1. Download the Paciello Group’s Color Contrast Analyzer from the following URL: https://www.paciellogroup.com/resources/contrastanalyser/
  2. Open the Color Contrast Analyzer application.
  3. Click the Foreground eye dropper tool. Hover over and click your foreground color to select it.
  4. Click the Background eye dropper tool. Hover over and click your background color.
  5. If you are testing a 12-pixel or smaller font, you must get a Pass (AA). If your font is larger than 12 pixels, you must get a Pass (AA) in the Large Text field.
  6. AA standards pass is sufficient.
  7. Do not use color alone to convey information (e.g., items in red indicate a deficit).

Resources

http://go.illinois.edu/word_resources

See also: U.S. Department of Health and Human Services Section 508 Accessibility checklist

PDF Accessibility Cheat Sheat

PDF: Accessibility Best Practices

Method 1: Convert MS Word to PDF

  1. Start with a well-structured Word document.
  2. In Word, click the File tab and select Save as. In the Save as type field, select PDF (*.pdf.).
  3. Enter a file name in the File name field.
  4. Click on the Options button and make sure the Document structure tags for accessibility is checked.
  5. Click OK and Save.

This will tag the document so that headings and lists are correctly interpreted by screen readers. Additional remediation using Adobe Acrobat Pro/DC may be needed to adjust reading order.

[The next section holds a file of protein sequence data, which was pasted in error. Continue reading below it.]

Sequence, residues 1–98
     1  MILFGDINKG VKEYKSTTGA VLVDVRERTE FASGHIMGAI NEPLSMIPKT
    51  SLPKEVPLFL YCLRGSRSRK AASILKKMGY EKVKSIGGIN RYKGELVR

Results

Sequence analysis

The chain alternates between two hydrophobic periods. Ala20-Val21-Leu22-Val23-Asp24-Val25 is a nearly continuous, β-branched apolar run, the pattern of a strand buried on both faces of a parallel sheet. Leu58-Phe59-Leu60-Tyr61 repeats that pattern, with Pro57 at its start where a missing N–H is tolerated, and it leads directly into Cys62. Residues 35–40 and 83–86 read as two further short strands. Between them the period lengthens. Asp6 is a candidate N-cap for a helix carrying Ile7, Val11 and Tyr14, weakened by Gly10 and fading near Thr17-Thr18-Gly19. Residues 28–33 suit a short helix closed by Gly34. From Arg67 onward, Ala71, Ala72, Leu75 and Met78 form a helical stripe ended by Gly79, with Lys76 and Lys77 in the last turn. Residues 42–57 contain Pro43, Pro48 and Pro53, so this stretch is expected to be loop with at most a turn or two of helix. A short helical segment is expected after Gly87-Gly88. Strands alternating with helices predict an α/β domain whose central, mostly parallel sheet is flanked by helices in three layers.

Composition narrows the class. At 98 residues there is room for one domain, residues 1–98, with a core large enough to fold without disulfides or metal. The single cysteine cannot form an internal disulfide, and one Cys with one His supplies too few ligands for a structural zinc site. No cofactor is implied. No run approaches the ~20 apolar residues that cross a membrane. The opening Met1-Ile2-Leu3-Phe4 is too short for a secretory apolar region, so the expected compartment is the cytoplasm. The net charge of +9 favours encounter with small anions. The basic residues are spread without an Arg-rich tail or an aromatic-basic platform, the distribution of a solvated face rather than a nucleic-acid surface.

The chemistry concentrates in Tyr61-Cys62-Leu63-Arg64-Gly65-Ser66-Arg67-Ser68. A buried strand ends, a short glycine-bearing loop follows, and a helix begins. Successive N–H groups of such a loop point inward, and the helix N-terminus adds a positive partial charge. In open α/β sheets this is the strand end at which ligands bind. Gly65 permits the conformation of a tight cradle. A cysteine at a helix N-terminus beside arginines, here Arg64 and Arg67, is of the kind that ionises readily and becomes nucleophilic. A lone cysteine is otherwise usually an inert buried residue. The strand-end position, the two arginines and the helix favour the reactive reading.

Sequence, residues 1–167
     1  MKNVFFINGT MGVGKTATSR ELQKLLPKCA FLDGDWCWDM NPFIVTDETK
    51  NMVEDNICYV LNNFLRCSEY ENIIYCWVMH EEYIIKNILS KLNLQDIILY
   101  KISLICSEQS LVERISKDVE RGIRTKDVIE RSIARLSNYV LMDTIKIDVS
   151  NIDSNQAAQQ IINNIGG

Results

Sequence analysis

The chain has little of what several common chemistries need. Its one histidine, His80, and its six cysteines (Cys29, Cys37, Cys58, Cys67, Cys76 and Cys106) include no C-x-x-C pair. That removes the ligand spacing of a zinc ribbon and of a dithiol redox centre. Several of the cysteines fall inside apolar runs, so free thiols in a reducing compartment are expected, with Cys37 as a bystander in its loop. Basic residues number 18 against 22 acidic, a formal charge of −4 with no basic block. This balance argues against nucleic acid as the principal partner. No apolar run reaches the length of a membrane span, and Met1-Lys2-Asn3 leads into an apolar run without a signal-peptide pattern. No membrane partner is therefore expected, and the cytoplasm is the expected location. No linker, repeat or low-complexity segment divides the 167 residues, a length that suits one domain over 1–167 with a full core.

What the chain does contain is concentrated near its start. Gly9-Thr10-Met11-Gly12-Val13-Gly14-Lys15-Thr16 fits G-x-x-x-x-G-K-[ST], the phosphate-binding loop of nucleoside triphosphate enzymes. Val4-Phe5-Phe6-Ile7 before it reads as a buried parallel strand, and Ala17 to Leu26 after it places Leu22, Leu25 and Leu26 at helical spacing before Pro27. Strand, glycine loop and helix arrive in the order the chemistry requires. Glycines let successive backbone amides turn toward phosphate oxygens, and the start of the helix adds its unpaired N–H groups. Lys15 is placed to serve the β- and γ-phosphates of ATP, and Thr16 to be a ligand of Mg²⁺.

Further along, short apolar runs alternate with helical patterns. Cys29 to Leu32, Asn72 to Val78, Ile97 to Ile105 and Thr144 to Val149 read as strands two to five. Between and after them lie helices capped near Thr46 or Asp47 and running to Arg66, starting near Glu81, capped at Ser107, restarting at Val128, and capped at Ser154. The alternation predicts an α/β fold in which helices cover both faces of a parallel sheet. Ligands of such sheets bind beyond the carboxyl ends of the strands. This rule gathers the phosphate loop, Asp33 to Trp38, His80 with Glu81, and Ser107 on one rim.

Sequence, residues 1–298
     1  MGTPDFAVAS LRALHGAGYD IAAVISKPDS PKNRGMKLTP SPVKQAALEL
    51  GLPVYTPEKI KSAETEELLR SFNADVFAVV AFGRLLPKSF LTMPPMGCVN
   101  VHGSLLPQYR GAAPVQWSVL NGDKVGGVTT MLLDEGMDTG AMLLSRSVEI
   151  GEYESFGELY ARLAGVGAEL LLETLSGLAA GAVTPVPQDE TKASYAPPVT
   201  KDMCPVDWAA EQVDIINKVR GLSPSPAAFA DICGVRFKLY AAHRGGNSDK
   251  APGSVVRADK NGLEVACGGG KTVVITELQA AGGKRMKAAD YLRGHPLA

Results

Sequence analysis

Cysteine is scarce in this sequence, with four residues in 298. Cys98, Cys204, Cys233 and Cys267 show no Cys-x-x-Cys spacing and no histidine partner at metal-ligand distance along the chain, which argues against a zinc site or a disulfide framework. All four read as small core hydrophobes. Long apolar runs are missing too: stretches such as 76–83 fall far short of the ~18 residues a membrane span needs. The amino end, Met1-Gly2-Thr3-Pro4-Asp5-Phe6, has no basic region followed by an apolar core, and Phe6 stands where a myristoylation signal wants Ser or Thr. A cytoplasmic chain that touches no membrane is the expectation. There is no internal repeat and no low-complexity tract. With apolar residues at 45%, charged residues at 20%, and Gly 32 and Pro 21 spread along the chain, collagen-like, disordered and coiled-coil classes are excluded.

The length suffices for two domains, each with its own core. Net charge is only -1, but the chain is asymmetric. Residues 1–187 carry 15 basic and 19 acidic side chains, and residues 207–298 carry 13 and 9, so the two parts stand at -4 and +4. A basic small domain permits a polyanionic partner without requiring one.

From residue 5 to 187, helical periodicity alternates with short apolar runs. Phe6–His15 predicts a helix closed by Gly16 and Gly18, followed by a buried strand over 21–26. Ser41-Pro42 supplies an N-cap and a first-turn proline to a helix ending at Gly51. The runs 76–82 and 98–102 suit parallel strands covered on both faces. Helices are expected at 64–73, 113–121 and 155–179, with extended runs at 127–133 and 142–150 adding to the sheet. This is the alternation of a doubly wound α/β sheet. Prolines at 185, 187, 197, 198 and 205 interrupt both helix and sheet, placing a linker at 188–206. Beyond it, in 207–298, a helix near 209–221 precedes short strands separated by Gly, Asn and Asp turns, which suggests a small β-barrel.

Method 2: Run Optical Character Recognition (OCR) on Scanned Document

Using Acrobat XI for OCR

  1. Open the scanned PDF file in Adobe Acrobat XI.
  2. Open the Tools panel (click Tools in top right) and click Text Recognition.
  3. Click In This File and the Recognize Text window will open.
  4. Click the Edit button to adjust OCR settings. Select English (US) for Primary OCR Language, Searchable Image for PDF Output Style and 600 dpi for Downsample To.
  5. Click OK when done.

Using Acrobat DC for OCR

  1. Open the scanned PDF file in Adobe Acrobat DC.
  2. In the Tools panel, click the Action Wizard and select Optimize Scanned Document.
  3. Use the Enhance tools to Add Document Description.
  4. Use the Enhance tools to Optimize Scanned Pages.
  5. Use the Enhance tools to Save As.

Method 3: Run Adobe Acrobat Built-in Accessibility Checker

Using the Acrobat XI Accessibility Checker

  1. Click the Tools tab to open the Accessibility panel on the right hand side. If you don’t see it, click the View menu and select Tools > Accessibility.
  2. Under Accessibility, select the Full Check The Accessibility Checker window will open.
  3. Under the Report Options, check the Create Accessibility Report